(I moved to Japan and met the love of my life. We soon got married and settled down, and now we are trying for a baby. This story takes place in a grocery store as I’m shopping for food to make dinner. I spot a female friend of mine — also a foreigner — and her husband at the same store, and I start chatting with my friend. She gets excited about the baby and asks what gender it is, and I tell her we don’t know because we want it to be a surprise. That’s when her husband pipes up.)

Friend’s Husband: “It’s going to be a girl.”

Me: *laughs* “I hope so. But I’ll be okay if the baby’s a girl.”

Friend’s Husband: “No, it’s a girl. I can tell; girls steal your beauty.”

(At this, he looks pleased by what he says. Meanwhile, my friend looks horrified and I glare at him.)

Friend’s Husband: “What? What did I say?”

Friend: “At what point during you thinking that and then saying it did you decide it was the right thing to say?”

Friend’s Husband: “But it’s true! Just look at her!”

Me: “Yeah, carrying the next generation of your family really does a number on you.”

Friend’s Husband: “It’s not that hard being pregnant, you fat pig!”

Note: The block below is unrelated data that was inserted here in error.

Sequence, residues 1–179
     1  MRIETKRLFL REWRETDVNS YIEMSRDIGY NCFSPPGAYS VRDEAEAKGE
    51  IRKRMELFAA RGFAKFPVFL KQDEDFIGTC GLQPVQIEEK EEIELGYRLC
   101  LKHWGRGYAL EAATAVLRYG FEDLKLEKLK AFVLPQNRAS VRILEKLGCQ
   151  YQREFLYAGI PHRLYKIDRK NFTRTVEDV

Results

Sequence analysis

(Everyone in the aisle turned and stared, a few glaring women included. He stomped off, red in the face, as my friend hurried and apologized to me. She later divorced him, as it turns out he was a Gaijin Hunter, just using her for arm candy and for an excuse to say some downright racist things about Americans and Europeans. Joke’s on him, though; it turns out the baby was actually BABIES. Twins! A boy and a girl.)


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An Earth-Shaking Revelation

, , , , , | Learning | June 22, 2018

I work in an international preschool in Japan, teaching three-year-olds. As a combination of their age and English being their second — or third — language, their understanding of things can be rather skewed, and funny as a result.